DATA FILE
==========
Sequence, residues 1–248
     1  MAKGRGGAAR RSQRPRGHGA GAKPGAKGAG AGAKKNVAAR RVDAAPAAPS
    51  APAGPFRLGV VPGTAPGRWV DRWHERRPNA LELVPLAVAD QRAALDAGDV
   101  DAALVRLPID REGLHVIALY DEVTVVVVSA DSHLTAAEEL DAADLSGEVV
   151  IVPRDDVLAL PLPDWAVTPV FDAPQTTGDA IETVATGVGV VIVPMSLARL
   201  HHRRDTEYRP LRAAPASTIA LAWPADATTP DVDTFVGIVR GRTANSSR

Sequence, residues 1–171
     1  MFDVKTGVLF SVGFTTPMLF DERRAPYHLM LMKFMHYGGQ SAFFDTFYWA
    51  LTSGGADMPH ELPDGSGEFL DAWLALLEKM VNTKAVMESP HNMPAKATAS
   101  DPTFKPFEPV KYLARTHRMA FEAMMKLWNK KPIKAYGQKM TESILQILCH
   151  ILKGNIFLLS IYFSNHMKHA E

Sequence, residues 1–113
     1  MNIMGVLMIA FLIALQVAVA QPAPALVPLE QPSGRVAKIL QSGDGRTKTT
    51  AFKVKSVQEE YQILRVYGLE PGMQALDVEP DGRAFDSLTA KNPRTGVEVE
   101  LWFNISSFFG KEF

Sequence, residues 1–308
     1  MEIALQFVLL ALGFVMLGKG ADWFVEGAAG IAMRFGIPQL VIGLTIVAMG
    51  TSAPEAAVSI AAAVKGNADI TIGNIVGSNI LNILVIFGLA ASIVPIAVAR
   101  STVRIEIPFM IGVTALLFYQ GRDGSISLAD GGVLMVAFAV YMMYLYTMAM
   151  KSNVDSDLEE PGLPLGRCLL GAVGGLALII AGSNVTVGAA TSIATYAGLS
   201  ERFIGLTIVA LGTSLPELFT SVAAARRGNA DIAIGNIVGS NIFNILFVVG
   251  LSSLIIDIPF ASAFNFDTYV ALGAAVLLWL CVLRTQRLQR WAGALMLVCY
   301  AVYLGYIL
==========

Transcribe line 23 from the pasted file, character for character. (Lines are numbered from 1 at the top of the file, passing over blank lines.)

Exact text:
   301  AVYLGYIL